I can remember trying to persuade a fine teacher in an elementary school that she should be working to get computers in the hands of every student. She, with the charm and grace of an experienced and diplomatic teacher coping with an enthusiastic, well-meaning but not too bright parent, agreed but told me we should first get the tools in the hands of the teachers. Without the teachers, she said, the learning can't happen. She was right, as my children and others have demonstrated over the years. The result to date have been some exceptional applications emerging in support of teaching that conform to Lombardi's Laws as I recently observed in some examples at the University of Florida College of Education.
As a humanist, I've always assumed that the best use of computers would be in the development of science-based applications with a known universe, relatively simple rules, and predictable relationships. Sure enough, an instructor can now demonstrate, cleanly and effectively on screen for the whole class to see, the principles of mechanical physics. Levers move, balls roll down inclined planes or fall from heights, springs compress and stretch, pendulums swing, and everything changes at the inspiration of the instructor. If the students don't understand the relationship between the angle of the inclined plane and the speed of the rolling ball, we can change the angle of the plane in seconds and re-run the experiment. If the students' questions indicate that we didn't design the first experiment successfully, we can redo the experiment instantly, finding just the right combination of illustrations to capture the student imagination. This nifty application takes relatively modest hardware and software, plus the gadget that makes a computer screen appear as if it were an overhead projector slide.
With a good bit more money, you can enter the world of audio, video, computing. This is the new wave that will raise the cost of computing hardware so that advances in miniaturization and computing power will not reduce the basic workstation price. Laser disks, video disks, voice input-output, music synthesizers, various forms of video tape, all offer the possibility of expanding the range of effects and materials available to the instructor. We can now get a little program that will put the entire collection of paintings from the Louvre or the National Gallery in Washington on screen. You can view paintings by chronology, artist, style, or subject, for example. You can teach art appreciation much as your colleague teaches physics, showing examples, reordering them quickly in the event those first chosen don't work with your class. Your tools for teaching have, once again, expanded.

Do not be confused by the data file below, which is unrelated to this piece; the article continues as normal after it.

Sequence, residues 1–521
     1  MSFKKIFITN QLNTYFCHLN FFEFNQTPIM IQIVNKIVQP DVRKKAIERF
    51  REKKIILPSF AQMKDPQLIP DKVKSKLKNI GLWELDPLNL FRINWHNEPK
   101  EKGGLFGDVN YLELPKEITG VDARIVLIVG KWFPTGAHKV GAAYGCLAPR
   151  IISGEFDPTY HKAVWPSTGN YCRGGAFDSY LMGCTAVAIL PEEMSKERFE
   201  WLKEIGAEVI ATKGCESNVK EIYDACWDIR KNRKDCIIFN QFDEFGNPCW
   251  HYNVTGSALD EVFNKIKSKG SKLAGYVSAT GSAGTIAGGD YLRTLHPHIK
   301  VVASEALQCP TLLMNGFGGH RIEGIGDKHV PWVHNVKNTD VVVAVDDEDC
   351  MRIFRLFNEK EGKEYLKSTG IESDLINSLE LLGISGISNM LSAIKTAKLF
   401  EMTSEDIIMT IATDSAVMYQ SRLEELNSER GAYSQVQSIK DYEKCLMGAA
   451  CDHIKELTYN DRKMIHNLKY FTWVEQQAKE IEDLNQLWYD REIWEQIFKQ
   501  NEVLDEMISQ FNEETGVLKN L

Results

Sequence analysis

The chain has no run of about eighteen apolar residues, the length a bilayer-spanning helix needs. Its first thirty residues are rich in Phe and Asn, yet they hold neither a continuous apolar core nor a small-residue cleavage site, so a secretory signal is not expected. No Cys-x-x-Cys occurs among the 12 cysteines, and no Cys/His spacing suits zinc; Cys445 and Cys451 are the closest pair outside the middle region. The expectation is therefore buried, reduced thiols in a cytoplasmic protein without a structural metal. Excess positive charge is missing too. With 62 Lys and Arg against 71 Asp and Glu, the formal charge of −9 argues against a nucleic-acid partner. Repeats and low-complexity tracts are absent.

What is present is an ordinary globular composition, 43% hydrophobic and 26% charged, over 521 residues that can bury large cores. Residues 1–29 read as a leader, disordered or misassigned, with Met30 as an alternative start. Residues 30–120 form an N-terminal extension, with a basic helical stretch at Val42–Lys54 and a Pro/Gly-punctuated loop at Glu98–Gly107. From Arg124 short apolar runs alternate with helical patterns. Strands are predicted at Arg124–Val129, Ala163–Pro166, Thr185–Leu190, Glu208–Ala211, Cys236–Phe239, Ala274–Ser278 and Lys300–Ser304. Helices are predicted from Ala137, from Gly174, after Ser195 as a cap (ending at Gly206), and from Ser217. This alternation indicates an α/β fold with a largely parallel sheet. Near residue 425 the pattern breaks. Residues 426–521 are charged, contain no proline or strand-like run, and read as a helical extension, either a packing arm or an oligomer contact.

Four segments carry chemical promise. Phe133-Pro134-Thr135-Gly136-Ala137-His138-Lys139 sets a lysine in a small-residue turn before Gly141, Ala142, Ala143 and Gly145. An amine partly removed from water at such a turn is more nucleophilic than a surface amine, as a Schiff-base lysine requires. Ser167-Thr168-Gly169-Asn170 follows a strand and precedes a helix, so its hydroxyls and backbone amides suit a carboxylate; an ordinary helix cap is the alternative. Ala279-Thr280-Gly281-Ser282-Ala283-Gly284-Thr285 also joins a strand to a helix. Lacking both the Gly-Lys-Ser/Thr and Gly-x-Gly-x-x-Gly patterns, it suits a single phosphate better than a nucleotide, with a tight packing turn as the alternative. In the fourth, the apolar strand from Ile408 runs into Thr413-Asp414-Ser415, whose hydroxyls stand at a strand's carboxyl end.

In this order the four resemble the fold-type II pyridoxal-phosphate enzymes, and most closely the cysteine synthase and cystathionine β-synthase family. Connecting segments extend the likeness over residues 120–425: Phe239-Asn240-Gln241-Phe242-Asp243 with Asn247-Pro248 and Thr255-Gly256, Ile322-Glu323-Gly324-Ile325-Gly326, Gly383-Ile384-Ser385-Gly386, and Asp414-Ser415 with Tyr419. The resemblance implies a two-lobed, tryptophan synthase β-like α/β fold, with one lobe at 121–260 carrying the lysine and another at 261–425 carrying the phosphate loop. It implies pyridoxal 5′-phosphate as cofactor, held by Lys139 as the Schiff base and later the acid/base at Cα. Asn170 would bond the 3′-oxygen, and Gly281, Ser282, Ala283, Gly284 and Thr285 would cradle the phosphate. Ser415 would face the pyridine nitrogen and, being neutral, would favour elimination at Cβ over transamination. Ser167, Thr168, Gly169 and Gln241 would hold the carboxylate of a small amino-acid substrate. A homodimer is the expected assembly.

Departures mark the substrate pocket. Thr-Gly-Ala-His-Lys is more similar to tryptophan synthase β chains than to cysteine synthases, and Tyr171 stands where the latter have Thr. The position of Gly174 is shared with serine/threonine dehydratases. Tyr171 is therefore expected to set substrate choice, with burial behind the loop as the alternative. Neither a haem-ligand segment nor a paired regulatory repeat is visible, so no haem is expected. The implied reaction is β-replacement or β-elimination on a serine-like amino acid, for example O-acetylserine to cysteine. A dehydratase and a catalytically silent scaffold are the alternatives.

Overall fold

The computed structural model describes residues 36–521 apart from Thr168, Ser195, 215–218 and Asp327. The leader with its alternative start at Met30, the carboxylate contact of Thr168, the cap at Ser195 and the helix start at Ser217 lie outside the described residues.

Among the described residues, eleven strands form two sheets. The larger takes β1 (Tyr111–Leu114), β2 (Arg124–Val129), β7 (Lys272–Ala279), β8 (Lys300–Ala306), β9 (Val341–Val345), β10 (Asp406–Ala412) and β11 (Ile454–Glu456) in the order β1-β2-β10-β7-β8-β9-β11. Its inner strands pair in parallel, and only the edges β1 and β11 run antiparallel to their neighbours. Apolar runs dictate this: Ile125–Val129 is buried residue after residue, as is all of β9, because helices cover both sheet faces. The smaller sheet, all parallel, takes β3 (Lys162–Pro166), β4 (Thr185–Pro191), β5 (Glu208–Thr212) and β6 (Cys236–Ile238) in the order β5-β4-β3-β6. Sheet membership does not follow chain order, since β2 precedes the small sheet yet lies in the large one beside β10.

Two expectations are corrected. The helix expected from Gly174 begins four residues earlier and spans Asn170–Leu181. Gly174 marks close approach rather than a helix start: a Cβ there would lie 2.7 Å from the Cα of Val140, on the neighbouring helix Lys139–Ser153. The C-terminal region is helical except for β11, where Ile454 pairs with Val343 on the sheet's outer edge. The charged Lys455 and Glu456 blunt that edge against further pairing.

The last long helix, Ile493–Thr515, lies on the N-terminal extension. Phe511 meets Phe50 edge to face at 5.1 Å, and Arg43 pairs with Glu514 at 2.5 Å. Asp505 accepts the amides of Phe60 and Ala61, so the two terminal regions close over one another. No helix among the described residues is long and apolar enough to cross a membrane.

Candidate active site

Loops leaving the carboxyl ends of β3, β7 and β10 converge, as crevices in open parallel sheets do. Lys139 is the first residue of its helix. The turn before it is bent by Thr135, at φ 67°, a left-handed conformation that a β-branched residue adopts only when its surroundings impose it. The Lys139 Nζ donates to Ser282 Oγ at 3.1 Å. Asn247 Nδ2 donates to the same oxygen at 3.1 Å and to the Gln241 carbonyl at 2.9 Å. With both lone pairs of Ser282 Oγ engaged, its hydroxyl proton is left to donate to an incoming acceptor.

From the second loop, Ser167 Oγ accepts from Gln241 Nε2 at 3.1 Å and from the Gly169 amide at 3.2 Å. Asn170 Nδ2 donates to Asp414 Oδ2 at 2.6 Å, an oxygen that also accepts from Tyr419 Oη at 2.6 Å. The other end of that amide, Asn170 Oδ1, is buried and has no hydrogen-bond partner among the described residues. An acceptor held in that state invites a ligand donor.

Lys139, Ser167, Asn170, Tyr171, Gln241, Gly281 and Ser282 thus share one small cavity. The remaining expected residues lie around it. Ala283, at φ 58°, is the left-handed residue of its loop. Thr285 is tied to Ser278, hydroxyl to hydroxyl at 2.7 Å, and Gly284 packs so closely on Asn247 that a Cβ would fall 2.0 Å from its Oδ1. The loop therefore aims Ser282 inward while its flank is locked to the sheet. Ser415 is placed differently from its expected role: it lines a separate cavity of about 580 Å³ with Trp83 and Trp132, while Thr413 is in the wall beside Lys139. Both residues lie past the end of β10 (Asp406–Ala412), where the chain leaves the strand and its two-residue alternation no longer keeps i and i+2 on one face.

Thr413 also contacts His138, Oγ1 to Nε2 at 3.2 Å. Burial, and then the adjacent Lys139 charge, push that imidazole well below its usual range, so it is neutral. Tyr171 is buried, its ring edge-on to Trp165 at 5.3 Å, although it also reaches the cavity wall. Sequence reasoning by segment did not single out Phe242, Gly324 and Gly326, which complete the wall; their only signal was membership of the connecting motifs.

IN THE END
What does all this tell us about computing?
First, it tells us that there is no such thing as educational computing. Instead there are a host of tools, applications, appliances, and other devices that use computing technology. Computing is not a thing, not a religion, not even an industry. It is a tool.
Second, tools are only as good as their design and only as useful as their function. If I want to fix my truck, it does me no good to have the most elegant and wonderful gardening tools. The same holds for computing tools. You want to teach math, don't get a word processing program. You want to teach writing, forget about spreadsheets.
Third, computing tools serve teaching. They neither define teaching nor accomplish instruction. Teachers do that. If you have nothing to teach, the fancy hardware-software multimedia presentation of the National Gallery of Art remains just a clever curiosity. In the hands of a great teacher, tools enhance learning. In the hands of the uninformed, great tools become expensive gadgets. Computing tools enhance the effectiveness of good teachers, and, adequately prepared, students learn more quickly with access to these tools.
Fourth, computer manufacturers and software developers who resist basic standards, insist on proprietary systems, and encourage obsolescence are the enemies of quality instruction, for they artificially raise the price of innovation, putting many good tools out of the reach of teachers or students.
Fifth, teachers --not administrators, not software developers, not hardware designers, and not enthusiastic parents-- provide the final test of educational computing. If the stuff is good, if it works easily, if it is better than the materials we now have, and if the school can afford it, then the teachers will adopt it. If it is hard to use, requires more preparation time than current methods, produces similar educational results, and costs too much, then the teachers will resist it.
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If there is a moral to my story it is this: Teaching and learning require knowledge, inspiration, commitment, time, and resources. Computing gives yet another set of tools to help with teaching and learning, but these tools, however fancy, elegant, and fun, cannot substitute for the quality of the teacher and the commitment of the student.